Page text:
Learning from the WISE Women: Finding Heart Disease in Women
Find out what makes a woman's heart tick.
Heart disease often looks different in women than it does in the typical male, researchers say. Because of this, it's not easily seen with the usual tests. Traditional surgical procedures may not work either. For many women, this may mean heart disease goes undetected and untreated. But a landmark study is changing how doctors test and treat women with heart disease.
Not your every day plaque
The multi-center study is called The Women's Ischemia Syndrome Evaluation (WISE). It has found that plaque is different in women.
Plaque is the buildup of cholesterol and other substances along the lining of the main arteries in the body, including the heart. We usually think of the plaque building up in the big arteries supplying the heart, creating an obvious blockage that reduces blood flow. At least two things are different in women:
- Plaque builds up more evenly along artery walls. So, it doesn't always look like the obvious "roadblock" plaque that's most typical in men. This is due to differences in the cells lining the heart's arteries. The diffuse buildup also makes blood vessels less elastic, so they can't dilate as well for increased blood flow. This form of heart disease is also hard to diagnose using traditional tests such as angiogram, which is designed to pick up the bulging artery-blocking plaque.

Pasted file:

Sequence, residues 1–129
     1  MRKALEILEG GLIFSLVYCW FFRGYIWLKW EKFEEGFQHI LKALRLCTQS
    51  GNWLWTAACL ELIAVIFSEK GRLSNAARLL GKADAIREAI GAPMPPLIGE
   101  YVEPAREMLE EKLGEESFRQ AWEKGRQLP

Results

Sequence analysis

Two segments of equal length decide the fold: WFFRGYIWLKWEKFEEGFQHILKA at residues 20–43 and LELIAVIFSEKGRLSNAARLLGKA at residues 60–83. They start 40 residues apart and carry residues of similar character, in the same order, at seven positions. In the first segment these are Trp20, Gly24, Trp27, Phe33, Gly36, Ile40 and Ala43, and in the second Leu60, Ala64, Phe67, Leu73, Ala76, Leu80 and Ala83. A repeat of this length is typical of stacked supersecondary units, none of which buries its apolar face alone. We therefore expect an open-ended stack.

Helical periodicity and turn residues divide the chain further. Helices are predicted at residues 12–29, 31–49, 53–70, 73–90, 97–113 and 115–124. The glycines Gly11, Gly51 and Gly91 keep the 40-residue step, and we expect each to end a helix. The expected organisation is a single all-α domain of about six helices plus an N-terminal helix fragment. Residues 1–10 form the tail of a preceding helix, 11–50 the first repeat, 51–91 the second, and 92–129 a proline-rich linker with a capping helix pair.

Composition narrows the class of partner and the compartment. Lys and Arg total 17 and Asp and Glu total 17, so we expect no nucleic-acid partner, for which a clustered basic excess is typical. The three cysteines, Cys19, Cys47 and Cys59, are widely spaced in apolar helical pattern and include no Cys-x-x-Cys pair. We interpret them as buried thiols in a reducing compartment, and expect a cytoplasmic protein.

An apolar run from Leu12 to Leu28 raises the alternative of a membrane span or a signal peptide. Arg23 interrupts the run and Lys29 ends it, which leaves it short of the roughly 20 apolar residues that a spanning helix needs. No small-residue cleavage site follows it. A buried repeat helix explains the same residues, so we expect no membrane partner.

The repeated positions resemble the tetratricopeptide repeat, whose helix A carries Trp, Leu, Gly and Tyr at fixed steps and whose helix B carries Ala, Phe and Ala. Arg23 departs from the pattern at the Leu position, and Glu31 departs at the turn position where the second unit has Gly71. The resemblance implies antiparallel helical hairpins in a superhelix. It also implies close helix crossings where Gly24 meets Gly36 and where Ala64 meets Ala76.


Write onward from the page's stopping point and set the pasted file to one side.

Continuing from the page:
- Plaque buildup affects the tiny blood vessels in the heart, rather than the major arteries. This is called microvascular or microvessel disease. It's also more common in people with diabetes. Coronary artery disease in the tiny blood vessels in the heart must be treated differently because surgeons can't get in there with angioplasty, stents or bypass surgery. Instead, doctors rely more on medications to control symptoms.
What's it mean to you?
Heart disease in women may, at best, be harder to diagnose. At worst, it could go unrecognized.
If you have symptoms or risk factors for heart disease, be clear about them with your doctor. Learn about your risk factors and how you can take control of those you can change. Meanwhile, researchers are working to find new ways to diagnose and treat heart disease in women.